• Living abroad


Culture shock

When we are immersed in a new culture and an unknown reality, it’s normal to feel a bit of uneasiness. This is what we call "culture shock". This shock can influence your personal relationships, health, and even damage your progress while studying abroad. For many people, it is very difficult to avoid culture shock. Its intensity can vary from one person to another, but it affects most people. However, it is possible to manage its effects and turn it into a positive experience. Many people claim that the most worthwhile exchanges happen only when they feel a strong sense of culture shock.

Culture shock in 4 steps

1. Euphoria of the departure: everything is wonderful and exciting. You appreciate the change of scenery and the cultural differences. In a certain way, this is the “honeymoon” period.

2. Frustration about cultural differences: certain aspects of the new culture annoy you and the collective behaviour seems sometimes incomprehensible and absurd. For example: the relationships between men and women, the language barrier, communication difficulties with people of the other culture, the dirtiness of the city, etc.

3. Urge to drop everything: the attempts to fit in and figure things out don’t seem to work. You lose interest in the culture of the host country. You think about going back home.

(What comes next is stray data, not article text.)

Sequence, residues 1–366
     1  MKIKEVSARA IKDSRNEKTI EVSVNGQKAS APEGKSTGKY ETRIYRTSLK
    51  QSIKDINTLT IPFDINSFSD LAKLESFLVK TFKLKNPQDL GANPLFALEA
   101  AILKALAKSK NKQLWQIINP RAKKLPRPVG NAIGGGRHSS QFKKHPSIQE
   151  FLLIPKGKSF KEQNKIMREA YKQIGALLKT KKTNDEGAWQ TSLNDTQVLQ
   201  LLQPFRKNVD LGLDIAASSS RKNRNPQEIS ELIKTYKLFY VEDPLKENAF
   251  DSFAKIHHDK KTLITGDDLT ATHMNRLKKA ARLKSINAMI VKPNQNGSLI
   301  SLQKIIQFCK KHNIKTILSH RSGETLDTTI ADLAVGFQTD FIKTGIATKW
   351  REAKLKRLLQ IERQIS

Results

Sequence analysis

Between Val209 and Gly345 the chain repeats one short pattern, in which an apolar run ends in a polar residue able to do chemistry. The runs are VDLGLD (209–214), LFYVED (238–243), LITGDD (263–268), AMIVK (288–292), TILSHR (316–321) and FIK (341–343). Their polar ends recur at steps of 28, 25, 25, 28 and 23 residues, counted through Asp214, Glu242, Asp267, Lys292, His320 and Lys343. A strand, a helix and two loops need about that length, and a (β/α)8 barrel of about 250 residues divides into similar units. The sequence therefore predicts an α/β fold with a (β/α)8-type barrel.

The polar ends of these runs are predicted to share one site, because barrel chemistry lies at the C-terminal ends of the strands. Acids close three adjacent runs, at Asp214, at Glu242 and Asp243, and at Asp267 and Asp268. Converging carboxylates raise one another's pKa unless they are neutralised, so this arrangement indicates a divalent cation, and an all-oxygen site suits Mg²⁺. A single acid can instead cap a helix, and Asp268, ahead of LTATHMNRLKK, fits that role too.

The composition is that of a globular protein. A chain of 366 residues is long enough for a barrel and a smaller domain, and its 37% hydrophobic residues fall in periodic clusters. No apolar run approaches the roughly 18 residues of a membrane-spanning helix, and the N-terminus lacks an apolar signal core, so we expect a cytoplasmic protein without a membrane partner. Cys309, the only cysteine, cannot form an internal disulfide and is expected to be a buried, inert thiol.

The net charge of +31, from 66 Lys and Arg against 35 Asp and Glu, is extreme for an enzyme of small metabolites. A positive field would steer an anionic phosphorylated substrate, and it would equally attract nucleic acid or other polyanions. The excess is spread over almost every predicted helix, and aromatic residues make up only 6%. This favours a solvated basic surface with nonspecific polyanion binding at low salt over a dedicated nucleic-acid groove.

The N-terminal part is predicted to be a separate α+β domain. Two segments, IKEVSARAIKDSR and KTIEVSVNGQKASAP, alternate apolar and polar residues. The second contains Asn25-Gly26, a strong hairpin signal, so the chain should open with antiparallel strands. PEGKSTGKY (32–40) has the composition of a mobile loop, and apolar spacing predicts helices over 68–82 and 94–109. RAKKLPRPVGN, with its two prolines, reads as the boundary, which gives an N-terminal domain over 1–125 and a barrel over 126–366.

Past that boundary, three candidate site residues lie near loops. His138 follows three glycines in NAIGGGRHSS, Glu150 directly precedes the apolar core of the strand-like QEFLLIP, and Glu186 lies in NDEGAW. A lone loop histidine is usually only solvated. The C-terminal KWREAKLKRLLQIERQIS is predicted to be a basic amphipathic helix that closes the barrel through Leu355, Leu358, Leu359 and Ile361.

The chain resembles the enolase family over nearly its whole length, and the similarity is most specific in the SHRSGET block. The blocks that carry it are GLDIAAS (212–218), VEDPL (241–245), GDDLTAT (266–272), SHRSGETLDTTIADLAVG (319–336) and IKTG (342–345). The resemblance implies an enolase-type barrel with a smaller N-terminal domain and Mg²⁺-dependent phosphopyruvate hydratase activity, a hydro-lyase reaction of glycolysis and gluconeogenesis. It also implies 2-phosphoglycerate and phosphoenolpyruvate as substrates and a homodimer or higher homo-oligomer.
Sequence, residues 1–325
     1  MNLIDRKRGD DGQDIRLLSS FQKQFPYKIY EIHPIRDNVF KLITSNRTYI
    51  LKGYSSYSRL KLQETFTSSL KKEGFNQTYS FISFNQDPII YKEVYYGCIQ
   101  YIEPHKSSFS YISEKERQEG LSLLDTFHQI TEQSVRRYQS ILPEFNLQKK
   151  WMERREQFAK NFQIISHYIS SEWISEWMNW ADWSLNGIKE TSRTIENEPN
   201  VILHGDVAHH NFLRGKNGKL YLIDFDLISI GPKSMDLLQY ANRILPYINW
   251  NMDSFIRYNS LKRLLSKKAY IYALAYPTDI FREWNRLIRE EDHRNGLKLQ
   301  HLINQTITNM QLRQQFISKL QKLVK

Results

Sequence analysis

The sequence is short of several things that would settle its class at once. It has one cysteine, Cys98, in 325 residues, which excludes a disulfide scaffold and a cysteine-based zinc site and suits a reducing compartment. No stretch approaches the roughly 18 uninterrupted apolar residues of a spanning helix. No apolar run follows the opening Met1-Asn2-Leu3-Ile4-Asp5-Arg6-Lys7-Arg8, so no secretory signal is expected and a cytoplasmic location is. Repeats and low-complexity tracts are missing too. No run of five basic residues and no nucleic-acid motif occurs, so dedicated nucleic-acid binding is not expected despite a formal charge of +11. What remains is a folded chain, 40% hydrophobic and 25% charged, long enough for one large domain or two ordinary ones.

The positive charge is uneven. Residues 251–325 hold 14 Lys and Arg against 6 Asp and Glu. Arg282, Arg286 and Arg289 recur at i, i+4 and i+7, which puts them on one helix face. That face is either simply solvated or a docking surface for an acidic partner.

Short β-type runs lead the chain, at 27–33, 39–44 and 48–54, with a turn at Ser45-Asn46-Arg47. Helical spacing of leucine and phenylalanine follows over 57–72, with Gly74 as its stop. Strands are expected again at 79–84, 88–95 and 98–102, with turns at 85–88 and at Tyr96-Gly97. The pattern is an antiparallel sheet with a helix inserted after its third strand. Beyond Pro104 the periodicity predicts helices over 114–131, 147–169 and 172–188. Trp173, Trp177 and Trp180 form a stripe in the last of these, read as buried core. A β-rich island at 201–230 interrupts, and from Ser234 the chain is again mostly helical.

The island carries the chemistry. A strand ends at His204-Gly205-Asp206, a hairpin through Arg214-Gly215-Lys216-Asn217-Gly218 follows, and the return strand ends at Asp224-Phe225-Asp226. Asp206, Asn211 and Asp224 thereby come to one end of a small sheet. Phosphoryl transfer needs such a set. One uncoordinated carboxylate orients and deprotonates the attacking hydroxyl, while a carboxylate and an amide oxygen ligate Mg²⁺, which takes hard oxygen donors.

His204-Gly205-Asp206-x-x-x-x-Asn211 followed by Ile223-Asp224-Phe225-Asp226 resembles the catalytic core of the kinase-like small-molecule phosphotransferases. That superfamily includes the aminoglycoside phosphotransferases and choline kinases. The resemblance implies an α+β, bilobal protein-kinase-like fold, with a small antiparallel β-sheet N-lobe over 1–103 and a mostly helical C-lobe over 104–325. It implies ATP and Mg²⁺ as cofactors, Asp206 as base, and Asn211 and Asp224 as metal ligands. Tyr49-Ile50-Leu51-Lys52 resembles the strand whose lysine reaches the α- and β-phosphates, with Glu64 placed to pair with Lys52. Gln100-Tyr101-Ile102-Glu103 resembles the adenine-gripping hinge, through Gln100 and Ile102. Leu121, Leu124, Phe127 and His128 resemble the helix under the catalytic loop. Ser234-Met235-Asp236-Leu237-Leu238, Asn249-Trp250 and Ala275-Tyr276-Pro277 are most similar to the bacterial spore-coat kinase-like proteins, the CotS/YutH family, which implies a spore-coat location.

4. Getting back on your feet: you stop making comparisons. You accept things the way they are and you let go of the idea of thinking how things should be. You feel that you are adapting better to the new environment. Everything seems easier and you take advantage of it. You start accepting that the new culture has positive and negative things to offer.

How to identify the state of culture shock:

  • You are more irritable than usual and you feel nostalgic.
  • You compare and criticise in a disproportionate way.
  • You feel a strong temptation to reject the incomprehensible and unwanted aspects of the new culture.
  • You feel frustrated and like you’re in over your head.
  • You want to drop everything. 

How to overcome culture shock:

  • Have realistic expectations or don’t have any expectations at all.
  • Accept and respect differences even when you can’t understand them.
  • Take a step back and look at the situation with a sense of humour.
  • Accept the challenges and give yourself the time you need.
  • Focus on developing intercultural communication abilities (tolerance, sensitivity, listening, and observation).
  • Get involved in all the activities offered by the host establishment.
  • Look for contact with local students and/or those who are having the same experience (the other students in the exchange programme).
  • Get in touch with the contact person of the host establishment to ask advice about cultural integration or for help if necessary.

Arriving in a foreign country involves cultural and environment changes. It’s normal to feel disorientation, jet lag, and culture shock. Here are some tips to help you to adapt to this sudden change:

  • Give yourself enough time to arrive and adapt to the host country’s schedule. By giving yourself time to adapt, you’ll be able to avoid a lot of stress.
  • Regarding health problems, whether physical or psychological, you should not hesitate to consult the resources offered by the establishment and the host country (psychological support, medical and clinic support, etc.).
  • Do not hesitate to communicate with the IQS International Relations office if you need trustworthy advice or even someone to listen attentively as you explain your situation.